Electric Generations – now open

We are delighted to support an exciting new exhibition, in collaboration with the University of Hertfordshire, which explores how Irish people reacted to a mysterious new power entering their homes: electricity.

Electric Generations, now open at dlr LexIcon in Dún Laoghaire, shows how electricity – an invisible force that few understood – caused fear at first. Visitors can learn how electricity then came to be embraced as part of everyday life, and was seen as a tool for freeing women from domestic drudgery.

According to the exhibition team, ‘From fear of the supernatural in the 1920s to electric toothbrushes in the 1980s, Electric Generations tells the fascinating story of how Irish attitudes towards electricity were transformed over the course of the twentieth century. This isn’t an exhibition just about electricity – it’s a wonderful insight into people’s beliefs, emotions and desires’.

The exhibition, which is free to visit, features previously unseen printed material from ESB Archives and the Institution of Engineering and Technology archives. An array of domestic electrical objects from the 1920s through to the 1980s is also on display. A re-created all-electric kitchen is at the heart of the exhibition.

A selection of electrical appliances on display. Photo by Peter Cavanagh.

Upcoming events

Join the organisers for illustrated talks about the fear, functionality and freedom of electricity on the evening of 16 October, and for a screening of 40 Light Years from Parteen (1967) and Death of the Banshee (1996) on 15 November as part of National Science Week. Both events are free and will be held in The Studio at dlr LexIcon.

Exhibition curators Deirdre McParland, Senior Archivist, ESB, Dr Ciara Meehan, Electric Generations, Prof Owen Davies, University of Hertfordshire, and Ceri Houlbrook, University of Hertfordshire, pictured with Councillor Tom Murphy, Cathaoirleach of Dún Laoghaire-Rathdown County Council, Dr Finola Kennedy, author of ‘Cottage to Creche: family change in Ireland’, and Gerard Crowley, Senior manager, ESB.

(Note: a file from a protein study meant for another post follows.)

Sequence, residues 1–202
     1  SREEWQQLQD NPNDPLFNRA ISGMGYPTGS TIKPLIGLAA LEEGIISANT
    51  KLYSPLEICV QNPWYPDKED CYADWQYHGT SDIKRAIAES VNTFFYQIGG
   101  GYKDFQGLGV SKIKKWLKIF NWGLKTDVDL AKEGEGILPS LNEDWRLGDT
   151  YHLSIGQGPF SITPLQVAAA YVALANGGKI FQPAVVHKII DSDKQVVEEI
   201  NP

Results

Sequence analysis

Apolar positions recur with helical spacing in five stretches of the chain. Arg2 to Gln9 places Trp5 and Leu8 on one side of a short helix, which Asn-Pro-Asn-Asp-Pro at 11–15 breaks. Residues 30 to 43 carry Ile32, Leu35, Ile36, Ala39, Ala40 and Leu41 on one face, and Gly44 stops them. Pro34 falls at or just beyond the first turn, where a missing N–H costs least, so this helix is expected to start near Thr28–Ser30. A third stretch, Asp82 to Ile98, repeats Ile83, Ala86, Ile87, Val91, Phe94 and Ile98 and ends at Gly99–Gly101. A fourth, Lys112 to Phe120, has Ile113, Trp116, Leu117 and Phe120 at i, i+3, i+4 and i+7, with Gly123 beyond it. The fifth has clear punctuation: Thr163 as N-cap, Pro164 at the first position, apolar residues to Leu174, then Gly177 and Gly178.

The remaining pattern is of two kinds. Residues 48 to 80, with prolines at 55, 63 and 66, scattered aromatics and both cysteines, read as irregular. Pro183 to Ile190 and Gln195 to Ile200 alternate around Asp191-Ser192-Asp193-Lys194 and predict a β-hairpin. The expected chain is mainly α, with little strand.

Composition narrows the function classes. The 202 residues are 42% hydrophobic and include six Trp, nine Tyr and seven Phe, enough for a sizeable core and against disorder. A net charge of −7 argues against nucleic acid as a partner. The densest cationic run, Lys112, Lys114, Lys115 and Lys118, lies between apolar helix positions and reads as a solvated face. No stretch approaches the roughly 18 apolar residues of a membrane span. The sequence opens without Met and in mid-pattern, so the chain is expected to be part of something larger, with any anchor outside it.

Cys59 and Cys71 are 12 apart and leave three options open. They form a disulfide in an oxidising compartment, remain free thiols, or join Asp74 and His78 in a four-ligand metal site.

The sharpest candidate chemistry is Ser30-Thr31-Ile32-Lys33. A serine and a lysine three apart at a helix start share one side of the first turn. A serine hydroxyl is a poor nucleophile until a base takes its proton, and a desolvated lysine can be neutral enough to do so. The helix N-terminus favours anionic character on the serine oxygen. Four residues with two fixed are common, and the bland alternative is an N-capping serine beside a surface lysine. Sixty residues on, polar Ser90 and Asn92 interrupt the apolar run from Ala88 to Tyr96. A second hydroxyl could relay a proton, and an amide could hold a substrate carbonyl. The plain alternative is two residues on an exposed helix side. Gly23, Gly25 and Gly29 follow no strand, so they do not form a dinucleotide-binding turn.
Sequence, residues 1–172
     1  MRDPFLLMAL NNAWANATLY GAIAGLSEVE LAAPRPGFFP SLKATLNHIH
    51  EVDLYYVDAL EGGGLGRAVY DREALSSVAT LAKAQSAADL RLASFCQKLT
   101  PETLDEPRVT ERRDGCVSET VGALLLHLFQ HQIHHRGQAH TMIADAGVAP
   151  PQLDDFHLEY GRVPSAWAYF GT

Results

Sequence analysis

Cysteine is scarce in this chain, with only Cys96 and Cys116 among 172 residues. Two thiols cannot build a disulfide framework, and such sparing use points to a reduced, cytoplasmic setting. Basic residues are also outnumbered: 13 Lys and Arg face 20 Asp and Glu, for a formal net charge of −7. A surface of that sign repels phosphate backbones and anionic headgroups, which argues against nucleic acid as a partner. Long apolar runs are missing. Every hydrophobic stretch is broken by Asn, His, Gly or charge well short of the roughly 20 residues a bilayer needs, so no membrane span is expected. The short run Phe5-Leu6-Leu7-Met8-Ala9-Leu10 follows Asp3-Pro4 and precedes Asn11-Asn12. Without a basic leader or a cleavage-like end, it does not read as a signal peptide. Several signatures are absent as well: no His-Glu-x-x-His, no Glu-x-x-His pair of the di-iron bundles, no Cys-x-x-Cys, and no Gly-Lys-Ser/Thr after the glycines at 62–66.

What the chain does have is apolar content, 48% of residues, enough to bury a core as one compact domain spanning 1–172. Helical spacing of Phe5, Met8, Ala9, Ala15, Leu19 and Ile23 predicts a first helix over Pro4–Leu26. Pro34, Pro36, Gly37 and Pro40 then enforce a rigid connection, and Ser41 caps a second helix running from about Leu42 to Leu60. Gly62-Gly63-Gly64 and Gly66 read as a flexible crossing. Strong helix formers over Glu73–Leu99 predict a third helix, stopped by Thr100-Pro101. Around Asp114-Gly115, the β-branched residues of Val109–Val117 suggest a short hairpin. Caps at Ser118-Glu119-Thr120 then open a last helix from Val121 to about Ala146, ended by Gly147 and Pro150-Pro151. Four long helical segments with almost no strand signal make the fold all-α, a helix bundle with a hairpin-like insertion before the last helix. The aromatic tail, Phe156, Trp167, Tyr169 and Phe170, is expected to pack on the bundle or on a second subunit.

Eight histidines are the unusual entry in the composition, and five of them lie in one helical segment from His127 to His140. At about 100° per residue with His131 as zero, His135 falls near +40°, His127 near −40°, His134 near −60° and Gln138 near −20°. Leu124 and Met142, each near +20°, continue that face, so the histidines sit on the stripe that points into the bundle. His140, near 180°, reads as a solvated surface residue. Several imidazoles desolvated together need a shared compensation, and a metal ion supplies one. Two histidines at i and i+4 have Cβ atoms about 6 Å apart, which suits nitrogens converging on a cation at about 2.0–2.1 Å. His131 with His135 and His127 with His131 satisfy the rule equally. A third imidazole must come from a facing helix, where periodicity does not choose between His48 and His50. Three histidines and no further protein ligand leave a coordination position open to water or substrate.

Photo by Peter Cavanagh.

Gerard Crowley, Senior manager, ESB, Councillor Tom Murphy, Cathaoirleach of Dún Laoghaire-Rathdown County Council and Dr. Finola Kennedy, with reproduction of 1928 print advertisement for Ardnacrusha Power Station from ESB Archives. Photo by Peter Cavanagh.

The exhibition runs until 2 December 2017, and will later be displayed at the Irish World Heritage Centre, Manchester, 8 March – 31 May 2018. For more information visit the Electric Generations website here.

About dlr LexIcon

The dlr LexIcon, the new Central Library and Cultural Centre, opened in 2015. With 80,000 items in the adult and junior libraries, 60+ computers, 100 study spaces and a floor dedicated to Local Studies, there is plenty to discover at dlr LexIcon.

Opening Hours:

  • Mon–Thurs: 9:30am – 8pm
  • Fri–Sat: 9:30am – 5pm

Children’s worksheet


A worksheet has also been created to make the exhibition a fun experience for younger visitors. Aimed at school groups and families alike, the worksheet offers a number of activities to keep children entertained, and stimulate their imagination about the days before electricity!

click the image above to download a PDF

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